Minimum Wages, Morality, and Efficiency: A Choice Experiment
- (pp. 176-81)
AbstractWe use a choice experiment to examine public support for minimum wages. We first elicit respondents' moral assessment of two labor market systems: one with a minimum wage and one without. Then, we present four pairs of hypothetical employment outcomes and ask respondents to "vote." Our estimates suggest that the average respondent requires a 4.65 percentage point reduction in unemployment before they would support a system without a minimum wage. We also find that equity matters; respondents are 11.1 percentage points less likely to support a minimum wage if it disproportionately affects minorities and females.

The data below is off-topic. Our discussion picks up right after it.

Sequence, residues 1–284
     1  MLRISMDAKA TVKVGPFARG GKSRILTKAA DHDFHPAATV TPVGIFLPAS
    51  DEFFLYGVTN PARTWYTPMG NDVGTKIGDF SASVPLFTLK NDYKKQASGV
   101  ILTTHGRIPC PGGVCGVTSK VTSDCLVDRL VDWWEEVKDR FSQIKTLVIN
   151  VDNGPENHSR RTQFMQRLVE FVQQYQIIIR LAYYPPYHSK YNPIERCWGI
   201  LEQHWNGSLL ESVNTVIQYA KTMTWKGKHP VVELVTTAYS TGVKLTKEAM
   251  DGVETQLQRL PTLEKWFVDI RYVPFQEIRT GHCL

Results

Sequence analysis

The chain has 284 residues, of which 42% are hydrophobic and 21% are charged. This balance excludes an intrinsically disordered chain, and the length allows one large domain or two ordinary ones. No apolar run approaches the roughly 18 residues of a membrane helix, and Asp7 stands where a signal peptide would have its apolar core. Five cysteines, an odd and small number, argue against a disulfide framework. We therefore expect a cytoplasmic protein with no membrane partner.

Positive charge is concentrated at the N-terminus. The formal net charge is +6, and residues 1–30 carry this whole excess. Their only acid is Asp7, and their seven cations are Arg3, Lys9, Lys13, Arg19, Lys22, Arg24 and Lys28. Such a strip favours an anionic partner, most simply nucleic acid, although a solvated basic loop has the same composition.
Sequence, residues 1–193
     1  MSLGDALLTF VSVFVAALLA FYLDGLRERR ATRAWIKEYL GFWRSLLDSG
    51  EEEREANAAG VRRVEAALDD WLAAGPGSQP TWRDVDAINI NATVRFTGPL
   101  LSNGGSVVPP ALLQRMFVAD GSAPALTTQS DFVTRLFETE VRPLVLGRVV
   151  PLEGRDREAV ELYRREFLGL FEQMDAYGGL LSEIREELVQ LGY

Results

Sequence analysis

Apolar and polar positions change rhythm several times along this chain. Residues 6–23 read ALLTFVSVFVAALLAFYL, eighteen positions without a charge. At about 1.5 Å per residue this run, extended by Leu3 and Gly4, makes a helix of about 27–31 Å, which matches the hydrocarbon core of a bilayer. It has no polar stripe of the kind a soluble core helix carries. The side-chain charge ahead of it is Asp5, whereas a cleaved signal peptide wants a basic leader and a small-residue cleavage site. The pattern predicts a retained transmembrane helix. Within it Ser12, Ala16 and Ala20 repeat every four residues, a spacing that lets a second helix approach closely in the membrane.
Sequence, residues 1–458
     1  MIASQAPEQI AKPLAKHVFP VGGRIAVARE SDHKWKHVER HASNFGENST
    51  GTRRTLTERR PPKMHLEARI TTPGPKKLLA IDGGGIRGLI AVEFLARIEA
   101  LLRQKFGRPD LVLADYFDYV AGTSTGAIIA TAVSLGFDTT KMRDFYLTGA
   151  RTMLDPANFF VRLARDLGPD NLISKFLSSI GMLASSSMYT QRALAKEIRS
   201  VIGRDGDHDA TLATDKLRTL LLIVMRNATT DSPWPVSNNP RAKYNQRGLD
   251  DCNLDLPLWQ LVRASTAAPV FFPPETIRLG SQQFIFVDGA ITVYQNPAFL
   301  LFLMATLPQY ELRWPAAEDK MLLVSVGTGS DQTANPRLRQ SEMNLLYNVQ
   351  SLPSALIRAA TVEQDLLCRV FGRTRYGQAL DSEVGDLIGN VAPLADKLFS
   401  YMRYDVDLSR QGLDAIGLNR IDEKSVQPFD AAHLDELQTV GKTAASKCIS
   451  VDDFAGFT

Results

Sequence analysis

CitationLennon, Conor, Jose Fernandez, Stephan Gohmann, and Keith Teltser. 2019. "Minimum Wages, Morality, and Efficiency: A Choice Experiment." AEA Papers and Proceedings, 109: 176-81. DOI: 10.1257/pandp.20191088
- D12 Consumer Economics: Empirical Analysis
- J38 Wages, Compensation, and Labor Costs: Public Policy